The history of this town can be traced back to 500 BC. History mentions Bodhgaya as Bodhimanda and the main monastery as the Bodhimanda-vihara.
Bodh Gaya is the holiest place for the followers of the Buddhist faith all over the world. Situated by the bank of river Neranjana the place was then known as Uruwela. In the 6th century B.C. Prince Siddhartha Gautama attained Supreme Enlightenment at this Holy place and became the Buddha. As Siddhartha, he renounced his family at the age of 29 in 534 BC and traveled and meditated in search of truth. The disciples of Gautama Siddhartha began to visit the place during the full moon in the month of Vaisakh (April–May), as per the Hindu calendar. Over time, the place became known as Bodh Gaya, the day of enlightenment as Buddha Purnima, and the tree as the Bodhi Tree.
After gaining Enlightenment, Gautam became Buddha (The Enlightened One) and spread his message of love and peace. To mark the spot where Gautam Buddha had attained Enlightenment, the great Mauryan ruler King Ashoka built a small shrine here in the 3rd century BC. Subsequent rulers left their mark on this shrine, which finally took the shape of the Mahabodhi temple that still stands.
One of India’s prime spiritual places, Mahabodhi Temple is not just a temple but Buddha’s actual enlightenment place, which is declared as a World Heritage Site by the UNESCO. It contains the Mahabodhi Temple with the diamond throne (called the Vajrasana) and the holy Bodhi tree. This tree was originally a sapling of the Sri Maha Bodhi tree in Sri Lanka, itself grew from a sapling of the original Bodhi tree. Inside the Mahabodhi templecomplex, you can also enjoy the Lotus Pond or the meditation garden. Though the temple was constructed in 7th century AD, it has been repeatedly repaired and renovated, the last being in late 19th century by the Burmese King and Archeological Survey of India. It has a very calm and serene ambiance, which people from all walks of life can appreciate.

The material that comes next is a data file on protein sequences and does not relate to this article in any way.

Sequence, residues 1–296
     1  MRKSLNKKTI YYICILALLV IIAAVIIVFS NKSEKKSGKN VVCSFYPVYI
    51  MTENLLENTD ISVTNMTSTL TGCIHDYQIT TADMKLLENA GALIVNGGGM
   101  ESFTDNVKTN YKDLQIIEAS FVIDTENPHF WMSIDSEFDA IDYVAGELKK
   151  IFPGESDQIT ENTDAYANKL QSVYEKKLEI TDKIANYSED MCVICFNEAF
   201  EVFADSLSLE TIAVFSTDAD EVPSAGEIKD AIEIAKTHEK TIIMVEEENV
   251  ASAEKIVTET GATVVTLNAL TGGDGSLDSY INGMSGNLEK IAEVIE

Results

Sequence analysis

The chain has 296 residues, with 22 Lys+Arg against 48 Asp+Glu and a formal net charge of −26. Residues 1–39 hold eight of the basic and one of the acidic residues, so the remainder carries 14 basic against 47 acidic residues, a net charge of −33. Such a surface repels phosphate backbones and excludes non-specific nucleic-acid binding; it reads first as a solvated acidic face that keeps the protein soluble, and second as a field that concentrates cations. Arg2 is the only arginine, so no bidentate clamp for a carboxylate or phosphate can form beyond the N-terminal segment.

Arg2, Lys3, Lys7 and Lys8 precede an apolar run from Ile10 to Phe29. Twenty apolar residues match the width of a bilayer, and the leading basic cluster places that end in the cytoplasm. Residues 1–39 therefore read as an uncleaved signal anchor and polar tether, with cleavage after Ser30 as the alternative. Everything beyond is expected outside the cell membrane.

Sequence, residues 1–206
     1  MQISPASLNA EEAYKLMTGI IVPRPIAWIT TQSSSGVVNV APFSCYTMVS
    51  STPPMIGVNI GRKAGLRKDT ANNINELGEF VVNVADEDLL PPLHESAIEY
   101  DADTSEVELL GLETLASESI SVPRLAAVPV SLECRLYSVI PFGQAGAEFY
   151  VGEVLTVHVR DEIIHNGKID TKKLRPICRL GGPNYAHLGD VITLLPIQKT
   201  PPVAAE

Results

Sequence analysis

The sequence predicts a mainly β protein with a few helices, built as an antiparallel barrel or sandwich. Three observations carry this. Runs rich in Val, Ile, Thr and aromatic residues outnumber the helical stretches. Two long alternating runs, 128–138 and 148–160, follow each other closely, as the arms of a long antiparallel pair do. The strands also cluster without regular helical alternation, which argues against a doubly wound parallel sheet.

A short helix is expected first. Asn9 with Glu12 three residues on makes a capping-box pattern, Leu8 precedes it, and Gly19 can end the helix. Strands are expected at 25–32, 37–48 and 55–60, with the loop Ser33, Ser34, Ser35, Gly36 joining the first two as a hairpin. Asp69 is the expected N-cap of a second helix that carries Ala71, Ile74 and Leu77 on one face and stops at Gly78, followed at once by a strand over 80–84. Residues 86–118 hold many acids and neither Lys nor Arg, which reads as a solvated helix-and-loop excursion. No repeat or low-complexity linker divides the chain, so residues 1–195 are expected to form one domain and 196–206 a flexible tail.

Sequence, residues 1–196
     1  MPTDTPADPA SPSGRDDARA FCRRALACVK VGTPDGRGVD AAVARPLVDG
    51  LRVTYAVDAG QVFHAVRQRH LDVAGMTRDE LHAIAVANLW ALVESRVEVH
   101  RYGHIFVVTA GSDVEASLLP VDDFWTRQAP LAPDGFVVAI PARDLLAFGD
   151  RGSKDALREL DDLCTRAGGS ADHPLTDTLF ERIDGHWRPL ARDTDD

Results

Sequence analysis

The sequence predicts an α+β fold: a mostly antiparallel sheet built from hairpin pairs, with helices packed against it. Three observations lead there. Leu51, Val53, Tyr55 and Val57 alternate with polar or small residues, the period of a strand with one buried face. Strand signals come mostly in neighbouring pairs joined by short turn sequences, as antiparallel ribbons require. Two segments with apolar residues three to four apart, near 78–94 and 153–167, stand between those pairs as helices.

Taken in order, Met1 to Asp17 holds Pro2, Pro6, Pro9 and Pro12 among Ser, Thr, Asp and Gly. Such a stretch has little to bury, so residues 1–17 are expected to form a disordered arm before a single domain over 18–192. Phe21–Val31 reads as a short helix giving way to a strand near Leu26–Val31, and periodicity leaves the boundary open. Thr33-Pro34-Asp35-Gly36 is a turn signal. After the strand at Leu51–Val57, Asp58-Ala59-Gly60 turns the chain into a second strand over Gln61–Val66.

It is believed that this tree is a direct descendant of the one under which the Buddha Sakyamuni attained enlightenment, inside the Mahabodhi complex. Buddha meditated below this tree for the first seven days of enlightenment. The original tree was burned down and destroyed by many Kings. Emperor Ashoka was in fact so depressed that he ordered a branch of the tree in Sri Lanka and planted it and took so much care that the jealous queen ordered its destruction. The current tree is the descendant of the original. Devotees circle around the tree and gather fallen tree leaves and seeds as blessings from the lord.
Great Buddha Statue:
The gorgeous idol stands tall at a height of 80 ft and is made of sandstone blocks and red granite and was instated by the XIV Dalai Lama in 1989. This huge figurine depicts Lord Buddha meditating (dhyana mudra) while he is seated on a giant lotus in open air. Bordered by 10 smaller sculptures of Buddha’s disciples in the passageway leading to the Great Buddha Statue, the entire visual is a breathtaking sight.
Best time to visit:
October to March is ideal for a visit according to the weather conditions, but tourists flock here throughout the year.
How To Reach:
By Air: The nearest Airport is Gaya (17 km), It is connected to Kolkata by flights; however, the frequency is less. Kolkata is the nearest international airport, around 485 km away.
By Rail: The nearest Railway station is Gaya (14 km), It is well-connected to major Indian cities.
By Road: Bodhgaya is well connected to many cities of India through roads. The Bihar State Tourism Development Corporation provides deluxe buses for tourists twice a day.